Trust and the online lynch mob: a plea for greater understanding between players and publishers

Nathan Brown is Edge’s games editor. Illustration by Marsh Davies.

On the third day of every month, the same tweet appears in the @edgeonline mentions feed. It’s part of a fan campaign calling on Sega to give Yu Suzuki the Shenmue licence so he can complete the trilogy. Relying on a four-year-old Famitsu story in which a Sega rep said a new Shenmue could only happen if a platform holder funded its development in exchange for an exclusivity deal, scores of fans take to social media to try to make it happen.

Sega is just about the most risk-averse publisher in the world at the moment, so it’s in no hurry to finish off a trilogy whose first two entries were so unprofitable. Suzuki now says he’s looking at using Kickstarter, but a platform whose most successful project raised $10.2 million is not going to fund the game that exists in the minds of Suzuki and his Twitter army, and he’d be a fool to try to make it without the appropriate resources.

That’s because we’ve seen all too recently what happens on social media when a game fails to meet expectations. First came Watch Dogs, whose post-delay reappearance saw it clearly scaled back from its E3 2012 unveiling. Then Dark Souls II shipped on 360 and PS3 without the new lighting system shown in early media. The outrage was surprising, huge and largely misinformed. Forum threads ran into hundreds of pages, posts typed onto spittle-flecked keyboards, based on a single GIF of (admittedly damning) Watch Dogs footage. Side-by-side shots of Dark Souls II compared the same scene in the retail game to an early demo, but only in the latter was the protagonist holding a torch, which is
the most potent light source in the game. Ambient lighting and texture quality had clearly been cut back, but the tone of the debate was coloured by misconceptions.

The biggest problem with talking about games on the Internet is you’re in an enormous room that’s teeming with people, all of whom are only there to be heard. As such, it’s those who hold the most extreme opinion, and shout it the loudest, that stand out. It’s why forums can be so poisonous, and clickbait op-eds still exist. So while Team Yu, as Suzuki’s campaigners call themselves, are using social media in an attempt to effect positive change, those upset by Dark Souls II’s downgrade took to Twitter not to ask for an explanation, but to demand one. The hashtag of choice was #YouLied, which says much about the direction the debate took. Such is the level of mistrust that players feel towards publishers that both Namco Bandai and Ubisoft were accused of having deliberately deceived the world by showing off a game they knew would never see the light of day.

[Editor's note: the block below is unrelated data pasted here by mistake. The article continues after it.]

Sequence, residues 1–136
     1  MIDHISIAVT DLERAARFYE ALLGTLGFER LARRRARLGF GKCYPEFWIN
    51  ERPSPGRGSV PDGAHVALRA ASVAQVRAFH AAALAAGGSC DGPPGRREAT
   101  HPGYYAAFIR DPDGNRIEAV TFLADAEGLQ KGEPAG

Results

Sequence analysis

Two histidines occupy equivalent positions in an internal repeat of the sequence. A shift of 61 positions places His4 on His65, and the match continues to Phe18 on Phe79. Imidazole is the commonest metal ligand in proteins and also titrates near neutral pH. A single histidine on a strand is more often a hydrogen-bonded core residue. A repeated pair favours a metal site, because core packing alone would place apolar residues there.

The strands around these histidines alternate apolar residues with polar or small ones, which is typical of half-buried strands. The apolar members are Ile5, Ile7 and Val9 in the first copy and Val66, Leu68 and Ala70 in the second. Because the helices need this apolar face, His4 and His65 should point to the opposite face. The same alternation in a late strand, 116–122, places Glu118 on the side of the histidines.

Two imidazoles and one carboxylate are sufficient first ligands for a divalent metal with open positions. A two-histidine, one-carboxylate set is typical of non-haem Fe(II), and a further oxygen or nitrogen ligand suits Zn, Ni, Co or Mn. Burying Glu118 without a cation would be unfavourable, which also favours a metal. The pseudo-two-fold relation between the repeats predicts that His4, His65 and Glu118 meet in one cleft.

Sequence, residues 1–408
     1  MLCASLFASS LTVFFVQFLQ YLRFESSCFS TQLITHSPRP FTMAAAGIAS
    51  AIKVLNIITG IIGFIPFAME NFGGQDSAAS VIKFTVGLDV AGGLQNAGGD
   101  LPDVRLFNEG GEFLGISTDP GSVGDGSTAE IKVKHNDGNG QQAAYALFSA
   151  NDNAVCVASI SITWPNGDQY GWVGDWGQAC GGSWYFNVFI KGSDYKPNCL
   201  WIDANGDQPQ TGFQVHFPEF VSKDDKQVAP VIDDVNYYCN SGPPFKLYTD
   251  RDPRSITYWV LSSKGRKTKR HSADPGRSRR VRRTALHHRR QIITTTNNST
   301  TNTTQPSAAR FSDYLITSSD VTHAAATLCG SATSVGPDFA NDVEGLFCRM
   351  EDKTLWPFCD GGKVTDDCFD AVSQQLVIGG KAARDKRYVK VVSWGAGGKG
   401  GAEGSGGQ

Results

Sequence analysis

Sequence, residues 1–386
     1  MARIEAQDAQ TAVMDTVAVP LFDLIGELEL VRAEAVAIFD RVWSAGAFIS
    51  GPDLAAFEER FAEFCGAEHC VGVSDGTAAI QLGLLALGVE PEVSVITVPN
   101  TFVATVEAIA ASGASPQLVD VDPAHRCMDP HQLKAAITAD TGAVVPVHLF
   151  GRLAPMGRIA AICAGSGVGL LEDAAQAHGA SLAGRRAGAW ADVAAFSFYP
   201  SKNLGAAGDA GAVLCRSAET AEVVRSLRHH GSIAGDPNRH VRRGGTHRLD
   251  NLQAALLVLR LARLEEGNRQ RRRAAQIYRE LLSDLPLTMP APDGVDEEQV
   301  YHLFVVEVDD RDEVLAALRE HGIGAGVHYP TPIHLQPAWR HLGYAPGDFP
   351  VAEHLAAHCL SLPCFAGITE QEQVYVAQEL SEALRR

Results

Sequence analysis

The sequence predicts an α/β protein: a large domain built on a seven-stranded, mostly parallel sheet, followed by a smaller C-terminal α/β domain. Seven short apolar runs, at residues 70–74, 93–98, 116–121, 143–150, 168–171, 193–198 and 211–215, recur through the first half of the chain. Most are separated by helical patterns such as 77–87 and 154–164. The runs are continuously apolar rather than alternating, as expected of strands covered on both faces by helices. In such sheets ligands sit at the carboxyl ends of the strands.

Dark Souls II has attracted the ire of the online lynch mob in recent months.

That’s nonsense, of course. No company in its right mind would sanction the creation of a graphically intensive demo it had no intention of shipping. To do so would mean spending tens of thousands of dollars on duping your audience into preordering a lemon, and forever damaging your standing.

FromSoftware makes fantastic games, but it is not known for its technical ability. Chances are that a few sliders had to be turned down late in the day to avoid Dark Souls II feeling like a 50-hour trudge through Blighttown. Watch Dogs, meanwhile, was announced months before PS4 and Xbox One’s specs were finalised. It was a realtime demo made possible by the same engine that powers the final game. It is a game of many complex systems and, as Ubisoft Montreal has made clear, those systems weren’t playing well together. Surely it’s far better to dial down weather effects and the odd bridge texture than it is to start stripping out gameplay elements?

Yet the old maxim that ‘gameplay is king’ doesn’t ring so true these days. At the start of a generation, we expect games to vindicate early adopters. But similarly, the final games on old hardware often wring a generation’s best-looking worlds from it, so perhaps FromSoftware really should have done better.

Both sides need to change, though. Players should understand that the target demo is the new target render, and that there will never again be something so obviously divorced from release-day reality as the Killzone 2 trailer at E3 2005. Publishers need to realise that visual and technical standards are as important a part of the marketing plan as preorder bonuses. And it’d be great if online communities took a leaf out of Team Yu’s book, using social media’s direct line between themselves and creators in order to change things for the better. After all, no one will benefit if developers spend the new generation afraid to reach for the skies.